What the election of protest leader Nikol Pashinyan as Armenia’s prime minister means for a young Armenian.
By Qnar Manoukyan
I live and work in Yerevan, Armenia’s capital. When the great news was announced about Nikol Pashinyan being elected as the new prime minister, I was on my way to Republic Square, in the heart of the city.
It is very hard to express with words what I’ve witnessed today. This is a rebirth, a new awakening of the Armenian nation. I have never seen my country so thrilled, in the best meaning of the word. People of all ages, backgrounds and mindsets are sharing in this united victory. Most of them are in white t-shirts with Pashinyan’s picture or with the word “dukhov,” which means courage. They are singing, dancing, crying, smiling, hugging and congratulating each other. When the name of the new prime minister was announced everyone started chanting “yes/victory/Nikol.” May is a month of victories for Armenians and now another immense triumph has been added to the list. Yerevan is one big party now.
I am extremely proud to live in this period of my country’s history. Armenia has been in socio-economical, political crisis. It has been corrupted. Things seemed like they couldn’t get any worse. Today, everyone hopes only for positive changes in the future. We hope to become a developed, successful country where everyone has equal rights and opportunities.
Last year, I spent the second semester of my Master’s degree in Kyiv, at the Taras Shevchenko National University. I was very excited and eager to understand the Maidan revolution. Every time I walked the streets where historic events had unfolded, I was curious, asking myself why the Ukrainians succeeded and why we, in Armenia, could not do the same. I left the country believing the answer was that the right time had not yet arrived. Now, we have joined the “people of freedom.”
As a representative of Armenia’s young generation, I feel responsible for shaping the future of my country through civil society. I first joined the protests against the government in April. I was involved in closing the streets and was present every evening in Republic Square. I was inspired by the organisational part of the movement. There were calls for peaceful demonstrations and non-violent acts. Hope united many: not only in Yerevan and other major cities, but also villages, universities and schools. Obviously, it was time for change.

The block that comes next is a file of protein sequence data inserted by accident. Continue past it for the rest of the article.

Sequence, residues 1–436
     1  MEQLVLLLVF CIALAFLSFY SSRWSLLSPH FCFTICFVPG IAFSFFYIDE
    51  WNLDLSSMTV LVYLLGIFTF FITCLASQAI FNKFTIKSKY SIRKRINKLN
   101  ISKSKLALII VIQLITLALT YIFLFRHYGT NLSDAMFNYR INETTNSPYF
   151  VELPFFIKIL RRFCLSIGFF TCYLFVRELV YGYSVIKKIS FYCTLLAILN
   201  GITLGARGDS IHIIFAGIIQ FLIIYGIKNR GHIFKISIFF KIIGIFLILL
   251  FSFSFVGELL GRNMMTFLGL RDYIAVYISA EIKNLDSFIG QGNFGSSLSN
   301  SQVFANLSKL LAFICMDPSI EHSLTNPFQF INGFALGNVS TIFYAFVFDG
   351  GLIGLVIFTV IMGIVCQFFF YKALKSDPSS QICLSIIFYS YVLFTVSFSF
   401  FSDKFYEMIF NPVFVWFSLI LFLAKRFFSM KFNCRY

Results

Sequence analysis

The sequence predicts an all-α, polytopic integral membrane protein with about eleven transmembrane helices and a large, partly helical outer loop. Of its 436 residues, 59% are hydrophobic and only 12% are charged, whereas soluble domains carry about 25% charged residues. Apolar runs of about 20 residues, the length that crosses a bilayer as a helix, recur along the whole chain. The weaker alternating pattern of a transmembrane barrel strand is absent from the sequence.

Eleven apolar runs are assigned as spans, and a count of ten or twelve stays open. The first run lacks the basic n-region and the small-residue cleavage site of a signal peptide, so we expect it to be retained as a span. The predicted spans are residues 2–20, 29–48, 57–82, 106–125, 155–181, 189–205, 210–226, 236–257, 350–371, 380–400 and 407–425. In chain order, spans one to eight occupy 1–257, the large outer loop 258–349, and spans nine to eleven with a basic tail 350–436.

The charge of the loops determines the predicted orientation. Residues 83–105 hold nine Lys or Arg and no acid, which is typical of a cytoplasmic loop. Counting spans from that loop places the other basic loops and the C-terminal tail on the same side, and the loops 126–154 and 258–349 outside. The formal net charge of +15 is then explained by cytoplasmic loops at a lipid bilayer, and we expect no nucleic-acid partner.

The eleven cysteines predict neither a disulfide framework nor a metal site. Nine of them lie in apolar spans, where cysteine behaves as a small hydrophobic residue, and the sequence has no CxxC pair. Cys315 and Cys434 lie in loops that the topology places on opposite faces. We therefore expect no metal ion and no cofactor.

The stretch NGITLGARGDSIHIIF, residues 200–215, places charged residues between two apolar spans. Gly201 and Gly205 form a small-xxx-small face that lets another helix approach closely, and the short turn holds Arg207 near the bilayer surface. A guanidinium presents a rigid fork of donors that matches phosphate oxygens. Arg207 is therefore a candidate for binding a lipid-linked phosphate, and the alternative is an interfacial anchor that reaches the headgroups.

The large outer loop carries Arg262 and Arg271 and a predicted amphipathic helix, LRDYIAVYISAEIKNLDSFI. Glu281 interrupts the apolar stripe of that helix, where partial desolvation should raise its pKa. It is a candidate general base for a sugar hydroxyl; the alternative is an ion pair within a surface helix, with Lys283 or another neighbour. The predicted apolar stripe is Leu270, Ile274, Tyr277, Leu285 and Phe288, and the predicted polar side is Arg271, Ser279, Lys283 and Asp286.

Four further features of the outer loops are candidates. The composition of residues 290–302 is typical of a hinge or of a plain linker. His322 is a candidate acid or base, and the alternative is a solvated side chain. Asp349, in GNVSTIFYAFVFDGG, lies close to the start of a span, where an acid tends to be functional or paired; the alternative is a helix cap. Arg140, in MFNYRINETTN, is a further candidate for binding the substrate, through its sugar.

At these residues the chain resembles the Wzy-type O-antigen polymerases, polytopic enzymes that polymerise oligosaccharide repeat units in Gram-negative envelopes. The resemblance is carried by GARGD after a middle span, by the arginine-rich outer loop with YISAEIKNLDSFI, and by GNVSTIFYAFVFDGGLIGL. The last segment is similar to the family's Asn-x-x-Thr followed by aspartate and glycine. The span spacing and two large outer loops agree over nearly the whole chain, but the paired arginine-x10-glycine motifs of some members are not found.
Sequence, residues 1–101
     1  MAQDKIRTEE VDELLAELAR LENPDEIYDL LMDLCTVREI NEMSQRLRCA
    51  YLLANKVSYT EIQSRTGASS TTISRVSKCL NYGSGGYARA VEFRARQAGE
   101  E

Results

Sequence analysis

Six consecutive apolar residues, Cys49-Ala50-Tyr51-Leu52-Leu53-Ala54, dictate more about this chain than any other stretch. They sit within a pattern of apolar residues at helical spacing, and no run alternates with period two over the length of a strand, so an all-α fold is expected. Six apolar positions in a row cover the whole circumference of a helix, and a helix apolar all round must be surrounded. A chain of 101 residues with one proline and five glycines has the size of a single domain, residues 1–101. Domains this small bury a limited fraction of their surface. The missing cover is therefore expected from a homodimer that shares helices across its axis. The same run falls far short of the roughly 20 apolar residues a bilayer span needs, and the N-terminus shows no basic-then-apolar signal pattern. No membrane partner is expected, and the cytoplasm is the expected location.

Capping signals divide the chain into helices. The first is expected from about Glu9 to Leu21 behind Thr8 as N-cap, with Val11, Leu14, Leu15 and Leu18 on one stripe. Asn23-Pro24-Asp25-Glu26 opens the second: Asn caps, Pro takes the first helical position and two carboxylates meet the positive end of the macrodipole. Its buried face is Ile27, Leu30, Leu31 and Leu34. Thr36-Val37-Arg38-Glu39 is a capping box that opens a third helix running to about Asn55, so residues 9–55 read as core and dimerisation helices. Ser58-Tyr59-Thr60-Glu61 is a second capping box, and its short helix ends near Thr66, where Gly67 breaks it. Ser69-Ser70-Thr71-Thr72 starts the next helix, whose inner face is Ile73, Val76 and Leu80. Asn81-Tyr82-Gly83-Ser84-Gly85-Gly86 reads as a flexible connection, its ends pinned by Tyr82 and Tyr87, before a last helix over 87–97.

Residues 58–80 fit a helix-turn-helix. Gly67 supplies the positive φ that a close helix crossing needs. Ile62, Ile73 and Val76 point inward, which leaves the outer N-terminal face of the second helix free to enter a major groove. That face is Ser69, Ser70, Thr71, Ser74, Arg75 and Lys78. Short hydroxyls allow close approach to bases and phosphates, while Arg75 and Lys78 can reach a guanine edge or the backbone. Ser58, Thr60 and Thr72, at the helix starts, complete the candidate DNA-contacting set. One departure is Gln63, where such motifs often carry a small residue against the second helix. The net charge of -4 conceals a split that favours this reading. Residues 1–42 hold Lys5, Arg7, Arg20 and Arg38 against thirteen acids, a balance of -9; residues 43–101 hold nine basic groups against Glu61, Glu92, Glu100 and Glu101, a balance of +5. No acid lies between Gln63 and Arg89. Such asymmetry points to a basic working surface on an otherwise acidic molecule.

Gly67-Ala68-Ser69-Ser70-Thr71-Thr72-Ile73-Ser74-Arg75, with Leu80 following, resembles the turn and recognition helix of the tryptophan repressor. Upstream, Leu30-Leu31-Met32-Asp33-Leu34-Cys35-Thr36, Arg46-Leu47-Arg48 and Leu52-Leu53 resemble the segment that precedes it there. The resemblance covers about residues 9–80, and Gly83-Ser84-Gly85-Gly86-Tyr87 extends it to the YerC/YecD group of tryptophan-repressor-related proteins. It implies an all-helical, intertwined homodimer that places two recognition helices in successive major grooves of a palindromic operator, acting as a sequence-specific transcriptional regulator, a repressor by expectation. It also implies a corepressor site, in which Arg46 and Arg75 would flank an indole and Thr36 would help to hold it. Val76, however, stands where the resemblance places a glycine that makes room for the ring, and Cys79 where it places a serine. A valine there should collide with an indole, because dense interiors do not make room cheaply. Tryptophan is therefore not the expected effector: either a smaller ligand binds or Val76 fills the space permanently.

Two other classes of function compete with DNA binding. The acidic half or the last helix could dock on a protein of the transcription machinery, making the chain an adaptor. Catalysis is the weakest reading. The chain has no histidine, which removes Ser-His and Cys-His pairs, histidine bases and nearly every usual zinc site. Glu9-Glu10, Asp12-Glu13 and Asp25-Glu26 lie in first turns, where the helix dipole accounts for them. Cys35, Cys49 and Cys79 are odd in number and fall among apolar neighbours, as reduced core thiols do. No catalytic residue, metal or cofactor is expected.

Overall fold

Civil disobedience in Armenia has taken place many times before with different consequences. From my personal perspective, the Armenian people are what make this, the Velvet Revolution, remarkable. There is no other example of such a peaceful civil disobedience in our history, where people sang or danced, did not clash with police, had barbecues on the streets and had fun. It was organized and accomplish only by Armenians without any foreign influence. Another important factor was a leader who could unite, inspire and take initiative.
I hope it will take a very short time to reap the benefits of the revolution. I’m content with the prime minister’s plans both at the national and international level. The prime minister made an announcement today on foreign policy, stressing that Armenia would continue to strengthening its ties with the EU, with a vision to liberalise the visa regime and implement the new partnership agreement. This will open new professional opportunities for Armenians and will reinforce the Armenia-EU relationship.
The Velvet Revolution is complete. It was about people and for people. We have started a better and brighter page of history.
Qnar Manoukyan is a graduate of Yerevan State University’s Regional Master’s Programme in Human Rights and Democratization in the Caucasus.
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